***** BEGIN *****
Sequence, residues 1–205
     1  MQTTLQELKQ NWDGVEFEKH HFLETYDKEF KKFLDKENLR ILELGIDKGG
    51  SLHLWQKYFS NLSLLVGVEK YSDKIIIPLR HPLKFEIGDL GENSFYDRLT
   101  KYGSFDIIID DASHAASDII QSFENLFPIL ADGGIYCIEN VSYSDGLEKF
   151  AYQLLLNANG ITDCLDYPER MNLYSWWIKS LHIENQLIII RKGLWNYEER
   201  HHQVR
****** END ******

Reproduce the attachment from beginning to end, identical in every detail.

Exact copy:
Sequence, residues 1–205
     1  MQTTLQELKQ NWDGVEFEKH HFLETYDKEF KKFLDKENLR ILELGIDKGG
    51  SLHLWQKYFS NLSLLVGVEK YSDKIIIPLR HPLKFEIGDL GENSFYDRLT
   101  KYGSFDIIID DASHAASDII QSFENLFPIL ADGGIYCIEN VSYSDGLEKF
   151  AYQLLLNANG ITDCLDYPER MNLYSWWIKS LHIENQLIII RKGLWNYEER
   201  HHQVR